A: At Saab, I was the CEO over the Americas, Asia and Australia. It meant I traveled 75 percent of my time and it affected my family life. I had to make a choice and chose my family.
Q: When did Herschend become involved with Stone Mountain?
A: In 1998. The state owns the mountain, which is managed by the Stone Mountain Memorial Association, and we have a long-term contract to operate attractions. The state authority, known as SMMA, can reject anything deemed unfit. We have 35 years left on the lease.
Q: What have you been doing at Stone Mountain?
A: We bring in more amusements all the time, making the winter season almost as big as the summer season. As a company, we are 50 percent bigger in terms of revenue and profit since 2003. We do 4 million guests a year at Stone Mountain Park and about 16 million at all of the properties combined.
Q: What can you say about revenues of the whole company?
A: We are about a $350 million revenue company. That’s been going up due to some good acquisitions to our properties. We’re 50 percent bigger than 10 years ago.
Q: Has attendance at Stone Mountain Park or the other parks been hurt by the Great Recession?
A: This is the toughest period I’ve ever been through in my career, from an overall economic situation. But the last thing to go on anybody’s list is a vacation with their family. We are affordable, and Stone Mountain Park is strong and stable.
When the recession first hit ..., it felt like the world was coming to an end. We did take some hard action. But to avoid layoffs, all executives in the company took a pay cut and froze all wages for 2009. We saved about 350 jobs because of the actions we took.
Q: How many employees does the whole company have?
A: We have over 11,000 employees. The number of full-time and seasonal employees fluctuates throughout the year. We have corporate employees in Atlanta and Branson, Mo. We are very lean at the top, with only 30 people in corporate.
Q: What is your biggest challenge?
A: I lose a lot of sleep over making sure we maintain our operations and our jobs. The things that have popped up in the last couple of years are legislative burdens, how we are going to handle all the new regulations coming at us, including health care. We spend a lot of money and resources trying to adhere to all regulations. Secondly, it’s to find the right quality people ...
Q: Many companies are having trouble getting money from banks that they need to operate. What about you?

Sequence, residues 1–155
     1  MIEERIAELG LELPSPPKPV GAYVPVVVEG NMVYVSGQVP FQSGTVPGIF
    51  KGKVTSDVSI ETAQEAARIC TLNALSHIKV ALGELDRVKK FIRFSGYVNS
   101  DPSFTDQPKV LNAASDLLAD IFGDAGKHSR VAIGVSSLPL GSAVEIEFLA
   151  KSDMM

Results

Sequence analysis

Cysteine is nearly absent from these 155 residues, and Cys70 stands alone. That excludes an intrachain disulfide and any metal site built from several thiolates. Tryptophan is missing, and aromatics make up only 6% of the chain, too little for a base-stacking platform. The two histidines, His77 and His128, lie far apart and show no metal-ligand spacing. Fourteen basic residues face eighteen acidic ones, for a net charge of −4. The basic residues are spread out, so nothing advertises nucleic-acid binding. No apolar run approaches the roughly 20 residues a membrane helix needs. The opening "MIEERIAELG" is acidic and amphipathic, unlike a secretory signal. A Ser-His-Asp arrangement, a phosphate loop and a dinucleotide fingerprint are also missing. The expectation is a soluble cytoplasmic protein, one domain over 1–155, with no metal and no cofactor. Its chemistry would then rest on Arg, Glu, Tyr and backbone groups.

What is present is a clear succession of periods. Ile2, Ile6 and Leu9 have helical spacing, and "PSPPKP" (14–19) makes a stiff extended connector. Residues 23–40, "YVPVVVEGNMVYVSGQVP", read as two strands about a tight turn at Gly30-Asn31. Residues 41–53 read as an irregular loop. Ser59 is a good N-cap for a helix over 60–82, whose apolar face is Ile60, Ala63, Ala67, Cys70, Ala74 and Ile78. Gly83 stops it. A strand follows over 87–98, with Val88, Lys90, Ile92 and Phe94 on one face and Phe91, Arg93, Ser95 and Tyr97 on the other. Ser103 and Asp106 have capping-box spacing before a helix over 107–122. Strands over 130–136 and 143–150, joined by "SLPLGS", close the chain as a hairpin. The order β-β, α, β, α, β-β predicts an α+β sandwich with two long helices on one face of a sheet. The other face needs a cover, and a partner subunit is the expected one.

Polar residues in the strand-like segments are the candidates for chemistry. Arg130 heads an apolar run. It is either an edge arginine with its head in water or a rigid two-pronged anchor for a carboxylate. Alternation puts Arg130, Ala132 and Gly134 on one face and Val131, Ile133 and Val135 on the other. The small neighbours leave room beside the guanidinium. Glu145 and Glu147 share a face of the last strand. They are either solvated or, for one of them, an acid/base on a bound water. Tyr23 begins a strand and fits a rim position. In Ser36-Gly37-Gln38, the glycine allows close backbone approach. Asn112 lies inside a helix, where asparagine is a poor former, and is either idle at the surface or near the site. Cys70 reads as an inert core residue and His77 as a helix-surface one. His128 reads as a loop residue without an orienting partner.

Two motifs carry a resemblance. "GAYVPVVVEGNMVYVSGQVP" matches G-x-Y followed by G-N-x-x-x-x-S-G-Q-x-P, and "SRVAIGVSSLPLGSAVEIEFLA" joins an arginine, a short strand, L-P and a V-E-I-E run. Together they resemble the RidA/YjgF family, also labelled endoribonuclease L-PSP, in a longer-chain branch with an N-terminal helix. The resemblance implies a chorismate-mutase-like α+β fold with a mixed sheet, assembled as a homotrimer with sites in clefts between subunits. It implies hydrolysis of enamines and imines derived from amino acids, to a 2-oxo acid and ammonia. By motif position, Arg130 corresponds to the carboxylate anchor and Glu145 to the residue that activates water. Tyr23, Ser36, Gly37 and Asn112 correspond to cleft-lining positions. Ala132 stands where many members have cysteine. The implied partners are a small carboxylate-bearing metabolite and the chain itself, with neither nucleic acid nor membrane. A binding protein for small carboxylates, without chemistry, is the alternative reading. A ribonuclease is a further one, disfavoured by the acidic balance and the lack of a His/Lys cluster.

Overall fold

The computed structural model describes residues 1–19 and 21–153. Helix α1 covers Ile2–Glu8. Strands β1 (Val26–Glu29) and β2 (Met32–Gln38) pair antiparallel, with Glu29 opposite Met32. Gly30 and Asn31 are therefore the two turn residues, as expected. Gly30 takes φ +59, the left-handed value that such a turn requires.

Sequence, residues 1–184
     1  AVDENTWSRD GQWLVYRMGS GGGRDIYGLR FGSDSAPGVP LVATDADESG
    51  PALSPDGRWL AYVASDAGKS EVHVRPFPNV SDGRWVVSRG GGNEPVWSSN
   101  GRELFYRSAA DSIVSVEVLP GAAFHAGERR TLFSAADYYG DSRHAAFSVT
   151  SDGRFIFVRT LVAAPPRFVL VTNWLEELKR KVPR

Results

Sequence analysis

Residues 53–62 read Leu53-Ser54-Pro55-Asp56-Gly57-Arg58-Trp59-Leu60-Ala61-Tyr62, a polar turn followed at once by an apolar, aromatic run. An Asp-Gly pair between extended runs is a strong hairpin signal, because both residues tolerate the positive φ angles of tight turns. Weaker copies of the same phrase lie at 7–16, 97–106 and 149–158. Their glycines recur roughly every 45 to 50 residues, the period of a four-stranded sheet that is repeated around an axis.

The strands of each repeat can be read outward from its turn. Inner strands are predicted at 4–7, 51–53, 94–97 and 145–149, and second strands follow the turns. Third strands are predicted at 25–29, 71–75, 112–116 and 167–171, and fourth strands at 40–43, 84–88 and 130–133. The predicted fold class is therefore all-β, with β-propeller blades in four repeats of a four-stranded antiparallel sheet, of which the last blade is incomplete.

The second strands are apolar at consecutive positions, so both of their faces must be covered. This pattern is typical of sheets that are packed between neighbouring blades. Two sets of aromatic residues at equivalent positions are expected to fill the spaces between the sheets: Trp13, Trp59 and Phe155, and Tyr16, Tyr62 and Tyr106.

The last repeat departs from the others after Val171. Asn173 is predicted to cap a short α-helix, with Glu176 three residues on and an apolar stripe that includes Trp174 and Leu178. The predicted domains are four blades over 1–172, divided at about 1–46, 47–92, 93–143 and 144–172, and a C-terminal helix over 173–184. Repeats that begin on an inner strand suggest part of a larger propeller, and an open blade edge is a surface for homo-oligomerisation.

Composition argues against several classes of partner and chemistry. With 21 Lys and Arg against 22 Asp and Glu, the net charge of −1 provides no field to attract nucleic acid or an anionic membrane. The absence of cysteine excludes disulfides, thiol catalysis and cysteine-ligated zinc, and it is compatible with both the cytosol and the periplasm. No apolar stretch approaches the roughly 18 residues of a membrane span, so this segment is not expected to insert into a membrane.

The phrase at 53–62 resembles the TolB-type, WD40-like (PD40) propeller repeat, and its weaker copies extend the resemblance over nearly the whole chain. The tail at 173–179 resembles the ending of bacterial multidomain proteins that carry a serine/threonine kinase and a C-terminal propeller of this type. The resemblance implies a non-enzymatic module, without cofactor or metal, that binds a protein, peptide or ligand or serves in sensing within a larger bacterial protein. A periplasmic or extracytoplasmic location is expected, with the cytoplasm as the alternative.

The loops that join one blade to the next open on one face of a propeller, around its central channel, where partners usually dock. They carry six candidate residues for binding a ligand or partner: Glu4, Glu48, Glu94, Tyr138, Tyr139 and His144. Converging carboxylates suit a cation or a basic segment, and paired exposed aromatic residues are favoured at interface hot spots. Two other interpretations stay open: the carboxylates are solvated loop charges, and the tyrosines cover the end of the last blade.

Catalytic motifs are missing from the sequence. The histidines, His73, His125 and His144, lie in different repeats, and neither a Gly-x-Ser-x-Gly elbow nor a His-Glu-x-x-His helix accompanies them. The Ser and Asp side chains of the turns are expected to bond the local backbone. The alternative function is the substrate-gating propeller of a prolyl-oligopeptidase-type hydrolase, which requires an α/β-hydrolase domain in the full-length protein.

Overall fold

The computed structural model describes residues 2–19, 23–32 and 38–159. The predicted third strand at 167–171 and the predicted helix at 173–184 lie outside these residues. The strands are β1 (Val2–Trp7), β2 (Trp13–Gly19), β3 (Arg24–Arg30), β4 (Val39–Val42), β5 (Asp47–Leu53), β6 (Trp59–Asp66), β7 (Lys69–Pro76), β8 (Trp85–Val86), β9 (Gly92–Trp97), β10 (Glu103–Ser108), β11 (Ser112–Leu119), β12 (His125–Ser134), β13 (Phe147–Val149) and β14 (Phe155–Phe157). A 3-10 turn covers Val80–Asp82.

A: We have not been affected by that. We have very little debt. When you don’t need to borrow, all the banks want to loan it. We fund new things out of our existing cash flow.
Q: Does the state give you guidance about what you can do?
A: The state has jurisdiction over the mountain. We only control the attractions and the tram that goes up the mountain. That’s the way it should be. It is a state treasure, a state asset.
Q: Does the Confederate legacy help or hurt the park?
A: We don’t track that issue. All I know is our attendance has grown. Our focus is on family entertainment.
Q: How did you wind up in Norcross?
A: We moved headquarters in 2003 from Branson, Mo. We couldn’t attract the kind of creative talent we needed in Branson. Here we have a creative studio. And the airport makes it easier to get here.
Q: Which of the parks and other amusements makes the most money?
A: We don’t talk about profits, being a private company. We have 4 million visitors a year to Stone Mountain Park. Dollywood would be the next biggest at 3 million. It drops off to less than a million at other properties. We pay over $10 million a year to the state of Georgia, for 250 acres.
Q: So the economic slump hasn’t hurt you that much?
A: The only thing that we have seen has been an impact on the merchandise, which isn’t going as well ... but foods and admissions are doing quite well.
Q: What is your business philosophy?
A: It is very simple — the level of enthusiasm of the guest experience never rises to the level of your own employees. We hire the right people, pay competitively, deal with people who don’t do very well, make our places great places to work.
Also, we have a foundation for employees in financial need. This creates an incredible loyalty from our employees. They don’t have to pay it back. A local board at each property determines need.
The tough thing about business is you have to balance how you treat employees, your guests and achieve profitability. There is a tension there. You can’t do everything to increase profit, but you can’t give everything to employees or guests because you may not be profitable. We treat people the way we’d like to be treated.
Q: You are not a family member, but is there any chance the company will go public?
A: No. The family believes in private ownership.
Q: What properties have you acquired since you took over?
A: We have acquired ownership and management of Wild Adventures in Valdosta; Newport Aquarium in Newport, Ky.; and Adventure Aquarium in Camden, N.J. And we acquired management of Darien Lake in Buffalo, N.Y.; and Elitch Gardens in Denver.
Q: Didn’t you appear on the TV program “Undercover Boss?”
A: I worked in four different properties, including as a cowboy and a server on a boat. The purpose is to work with your front-line employees and get a better understanding of what they go through. About 18 million people saw it. I learned we have incredible employees.
MEET JOEL MANBY
Job: CEO of Herschend Family Entertainment
Family: Married with four daughters
Residence: Johns Creek
Education: Bachelor’s from Albion College; MBA from Harvard Business School
Favorite books: “The Killer Angels” by Michael Shaara; “How the Mighty Fall” by Jim Collins; and the Bible
Favorite activities: Riding roller coasters, playing golf and tennis
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